The Lifestyle

I Hate Me

Dear T,

They say it’s easier to talk to a stranger, so here I am. I’ve been trying to accept myself as gay, but simply can’t. When I think about the family and friends I’ll lose by being gay I just get depressed. I don’t think I can handle being judged and being an outcast. But at the same time, I’m so tired of being in the closet. Seems like everyone is so happy living their straight lives, and I’m just pretending one day at a time. And with each day it gets harder. Lately I’ve been so confused and just mentally drained, that for the first time I understand suicide. Please don’t think I’m crazy, but it’s like suicide is the emergency escape button in life when there seems to be no good options left. I’m not sure what I’m asking advice on, but hoping you can help me.



Dear Unknown22,

Thanks so much for writing to me. And I sincerely hope my words help you. When I was about 21 years old, I started going through a similar struggle. I noticed my best friends (who are hetero men) appeared to really be living their truth and enjoying life. They talked about which girls they’d been with and which girls they hoped to get. They shared their inner most feelings about the opposite sex.

For a while, I faked the funk when we had these convos and pretended to be into this girl and that girl. But then one day my true self confronted my fake identity and called “bull sh&t!” The true me no longer wanted to be trapped in a dark closet. However, I couldn’t let my true self out. I didn’t know how my friends and family would receive him (me). Plus, I feared what lied for me beyond the grave if I lived my truth. Growing up, I heard the consequence of homosexuality was basically a coach ticket to Hell.

This fear I had of the unknown developed into self hatred. I hated myself for being gay. I hated that no matter how hard I tried to “pray the gay away,” I just couldn’t shake it. I hated not knowing what to do. So I like you, thought about suicide. I remember one day while at home for college thinking “it would be easier to just end it, and not have to worry about it any more.” Well that’s when I literally broke down into tears, and I’m not a crier at all. I had an aha moment with God! He helped me realize that I’m His and I’m loved. That His love is unconditional. And if God can love me no matter what, then so should my family and friends. If they couldn’t accept me for me, then they either needed time to come around, or I needed time to realize the change in season of our relationship. (I don’t know if you’re Christian or not, but this is my story, and so this is how I’ll tell it LOL).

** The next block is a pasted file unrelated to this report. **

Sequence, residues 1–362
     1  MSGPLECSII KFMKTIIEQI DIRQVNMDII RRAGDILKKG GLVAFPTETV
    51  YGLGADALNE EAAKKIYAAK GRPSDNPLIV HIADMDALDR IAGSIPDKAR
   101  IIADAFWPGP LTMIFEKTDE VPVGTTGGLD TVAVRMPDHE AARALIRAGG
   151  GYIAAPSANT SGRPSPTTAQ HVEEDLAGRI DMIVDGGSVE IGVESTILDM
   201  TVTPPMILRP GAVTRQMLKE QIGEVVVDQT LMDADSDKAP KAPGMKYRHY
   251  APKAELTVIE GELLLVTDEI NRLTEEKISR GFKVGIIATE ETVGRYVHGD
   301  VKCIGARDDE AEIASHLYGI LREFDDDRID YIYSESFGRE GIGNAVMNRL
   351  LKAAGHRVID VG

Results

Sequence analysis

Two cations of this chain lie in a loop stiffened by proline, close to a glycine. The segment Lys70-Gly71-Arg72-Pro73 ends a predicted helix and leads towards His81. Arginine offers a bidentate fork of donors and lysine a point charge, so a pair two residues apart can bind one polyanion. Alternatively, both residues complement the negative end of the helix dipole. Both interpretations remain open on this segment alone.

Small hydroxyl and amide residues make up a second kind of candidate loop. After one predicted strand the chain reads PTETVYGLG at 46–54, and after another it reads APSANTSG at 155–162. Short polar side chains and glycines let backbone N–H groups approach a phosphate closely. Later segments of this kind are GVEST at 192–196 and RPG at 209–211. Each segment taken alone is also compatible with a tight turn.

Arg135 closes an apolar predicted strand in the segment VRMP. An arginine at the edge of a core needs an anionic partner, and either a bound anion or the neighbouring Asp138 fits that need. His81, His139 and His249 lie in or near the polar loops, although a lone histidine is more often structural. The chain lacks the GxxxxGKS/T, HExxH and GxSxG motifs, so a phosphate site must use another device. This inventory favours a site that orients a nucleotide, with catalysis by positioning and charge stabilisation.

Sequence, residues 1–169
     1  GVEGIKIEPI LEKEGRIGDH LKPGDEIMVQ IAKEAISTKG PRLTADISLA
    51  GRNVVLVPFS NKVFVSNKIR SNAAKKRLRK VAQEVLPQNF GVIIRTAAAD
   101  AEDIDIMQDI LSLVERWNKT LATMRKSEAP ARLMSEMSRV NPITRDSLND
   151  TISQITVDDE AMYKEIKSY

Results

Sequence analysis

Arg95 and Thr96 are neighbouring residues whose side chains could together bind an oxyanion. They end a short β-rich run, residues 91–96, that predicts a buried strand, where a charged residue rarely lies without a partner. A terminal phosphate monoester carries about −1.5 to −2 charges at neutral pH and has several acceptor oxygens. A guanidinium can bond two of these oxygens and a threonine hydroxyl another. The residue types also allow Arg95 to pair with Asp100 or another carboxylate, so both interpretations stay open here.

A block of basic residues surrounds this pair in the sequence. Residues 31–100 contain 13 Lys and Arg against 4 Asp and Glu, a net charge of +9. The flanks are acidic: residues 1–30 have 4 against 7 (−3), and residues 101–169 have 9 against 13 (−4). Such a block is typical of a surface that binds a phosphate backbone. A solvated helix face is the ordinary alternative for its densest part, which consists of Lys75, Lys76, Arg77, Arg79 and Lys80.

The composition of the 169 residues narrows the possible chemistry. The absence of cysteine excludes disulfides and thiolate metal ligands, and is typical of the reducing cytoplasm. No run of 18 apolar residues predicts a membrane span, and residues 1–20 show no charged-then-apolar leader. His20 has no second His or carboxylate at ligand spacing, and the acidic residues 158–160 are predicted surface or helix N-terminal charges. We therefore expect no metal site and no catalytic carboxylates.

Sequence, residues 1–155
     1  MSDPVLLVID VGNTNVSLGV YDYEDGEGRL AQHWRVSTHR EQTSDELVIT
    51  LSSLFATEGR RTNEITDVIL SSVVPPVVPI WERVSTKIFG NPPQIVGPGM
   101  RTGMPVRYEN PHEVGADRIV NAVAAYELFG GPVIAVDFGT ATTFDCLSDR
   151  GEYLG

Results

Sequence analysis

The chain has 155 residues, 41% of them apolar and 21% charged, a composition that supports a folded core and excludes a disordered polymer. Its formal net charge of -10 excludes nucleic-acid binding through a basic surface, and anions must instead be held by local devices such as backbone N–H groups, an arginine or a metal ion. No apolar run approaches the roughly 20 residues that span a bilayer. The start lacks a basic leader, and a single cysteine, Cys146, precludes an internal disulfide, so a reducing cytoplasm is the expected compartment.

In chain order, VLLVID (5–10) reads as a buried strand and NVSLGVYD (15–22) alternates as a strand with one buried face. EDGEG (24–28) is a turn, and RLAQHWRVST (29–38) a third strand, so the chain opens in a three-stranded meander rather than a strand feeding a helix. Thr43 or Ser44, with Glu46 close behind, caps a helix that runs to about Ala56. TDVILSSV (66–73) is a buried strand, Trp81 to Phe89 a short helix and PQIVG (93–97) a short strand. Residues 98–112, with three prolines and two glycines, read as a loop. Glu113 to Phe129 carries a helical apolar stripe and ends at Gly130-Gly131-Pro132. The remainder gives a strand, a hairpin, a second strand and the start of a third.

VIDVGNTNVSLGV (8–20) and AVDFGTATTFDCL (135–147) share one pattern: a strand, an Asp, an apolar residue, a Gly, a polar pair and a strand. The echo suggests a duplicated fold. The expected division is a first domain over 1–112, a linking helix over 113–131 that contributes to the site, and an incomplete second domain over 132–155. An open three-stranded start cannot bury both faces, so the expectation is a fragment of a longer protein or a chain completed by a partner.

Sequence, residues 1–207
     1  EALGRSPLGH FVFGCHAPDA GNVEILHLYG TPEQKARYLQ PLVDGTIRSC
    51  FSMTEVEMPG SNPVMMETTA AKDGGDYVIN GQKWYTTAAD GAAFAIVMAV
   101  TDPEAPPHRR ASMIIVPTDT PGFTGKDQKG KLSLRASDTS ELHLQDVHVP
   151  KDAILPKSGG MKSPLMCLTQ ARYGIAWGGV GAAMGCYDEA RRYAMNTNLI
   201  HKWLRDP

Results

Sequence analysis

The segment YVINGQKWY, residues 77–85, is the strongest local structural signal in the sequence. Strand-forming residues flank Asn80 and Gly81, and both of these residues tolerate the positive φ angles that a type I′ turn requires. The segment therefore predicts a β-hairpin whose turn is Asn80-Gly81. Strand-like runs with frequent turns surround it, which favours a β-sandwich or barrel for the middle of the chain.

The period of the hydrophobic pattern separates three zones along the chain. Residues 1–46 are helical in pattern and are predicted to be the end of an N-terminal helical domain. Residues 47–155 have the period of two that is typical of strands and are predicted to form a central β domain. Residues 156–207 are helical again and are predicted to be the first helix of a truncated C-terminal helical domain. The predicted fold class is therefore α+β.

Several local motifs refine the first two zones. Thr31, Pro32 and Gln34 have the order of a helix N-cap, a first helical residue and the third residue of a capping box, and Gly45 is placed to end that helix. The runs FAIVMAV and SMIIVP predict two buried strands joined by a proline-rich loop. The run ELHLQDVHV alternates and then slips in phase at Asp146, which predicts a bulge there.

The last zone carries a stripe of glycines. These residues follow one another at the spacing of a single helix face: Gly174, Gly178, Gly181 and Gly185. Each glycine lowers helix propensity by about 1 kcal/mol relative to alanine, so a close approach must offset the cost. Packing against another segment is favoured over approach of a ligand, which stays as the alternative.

When I finally came out to my mom and my best friends, it wasn’t the easiest. Truthfully my mom didn’t like it and thought it was a phase, and my friends weren’t anymore accepting and thought I had lied to them for the 15 plus years I knew them. However, after I showed them the real me, I felt incredible. I felt this sense of freedom I had never experienced before then. And eventually, love triumphed, and my mom and friends embraced me.

Look, I may not be a fan of Drake, but he is right about one thing. YOLO (you only live once)! You get one shot to be the best possible you in this life, and you will never reach that place if you go through with suicide. You will never reach that place if you continue to reject who you really are either. I encourage you to embrace your gay you.

Going forward here are my suggestions.

1. DON’T COMMIT SUICIDE!!! This is the most important thing I can tell you. If you believe like I do, pray. Talk to God and find out for yourself His real love for you. If you don’t believe (yet), then talk to a licensed therapist. Heck, even if you do believe, you still may want to talk to a therapist.

2. Take your time accepting yourself and learn to love all of you. That’s not something that will happen over night, and will most likely be a journey. But it’s a journey worth taking.

3. Live for you. How people respond to you being gay is beyond your control. Those who love you for you and are able to think beyond the box they put you in will come around and accept the truth you offer them.

4. Remember, everyone’s acceptance story is different. I told you my story, but it may be very different from your own. Yours may be better, may be worse, but it will be your story. If you allow yourself to develop a story at all, that’s something to be proud of.

5. Know that what you’re feeling right now, plenty of people have experienced for themselves. Including me!

As always, nothing but love,

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2 thoughts on “I Hate Me”

    1. According To T says:

      Thanks so much! I’m glad you enjoyed the read. If you know someone this may help, please share!

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